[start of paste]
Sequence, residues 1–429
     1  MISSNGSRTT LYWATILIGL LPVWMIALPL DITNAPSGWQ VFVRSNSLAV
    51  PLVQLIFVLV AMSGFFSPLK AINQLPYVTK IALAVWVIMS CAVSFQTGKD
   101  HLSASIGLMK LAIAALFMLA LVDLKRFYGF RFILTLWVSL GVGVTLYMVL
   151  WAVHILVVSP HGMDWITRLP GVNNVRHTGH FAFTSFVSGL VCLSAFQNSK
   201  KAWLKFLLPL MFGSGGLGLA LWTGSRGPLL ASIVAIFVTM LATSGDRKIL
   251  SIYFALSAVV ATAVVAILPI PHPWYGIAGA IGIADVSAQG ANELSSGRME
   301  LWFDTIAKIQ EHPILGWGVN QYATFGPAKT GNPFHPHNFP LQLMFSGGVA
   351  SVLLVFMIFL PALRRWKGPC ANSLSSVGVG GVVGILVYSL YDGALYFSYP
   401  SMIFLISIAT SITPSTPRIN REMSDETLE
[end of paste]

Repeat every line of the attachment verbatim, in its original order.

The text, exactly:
Sequence, residues 1–429
     1  MISSNGSRTT LYWATILIGL LPVWMIALPL DITNAPSGWQ VFVRSNSLAV
    51  PLVQLIFVLV AMSGFFSPLK AINQLPYVTK IALAVWVIMS CAVSFQTGKD
   101  HLSASIGLMK LAIAALFMLA LVDLKRFYGF RFILTLWVSL GVGVTLYMVL
   151  WAVHILVVSP HGMDWITRLP GVNNVRHTGH FAFTSFVSGL VCLSAFQNSK
   201  KAWLKFLLPL MFGSGGLGLA LWTGSRGPLL ASIVAIFVTM LATSGDRKIL
   251  SIYFALSAVV ATAVVAILPI PHPWYGIAGA IGIADVSAQG ANELSSGRME
   301  LWFDTIAKIQ EHPILGWGVN QYATFGPAKT GNPFHPHNFP LQLMFSGGVA
   351  SVLLVFMIFL PALRRWKGPC ANSLSSVGVG GVVGILVYSL YDGALYFSYP
   401  SMIFLISIAT SITPSTPRIN REMSDETLE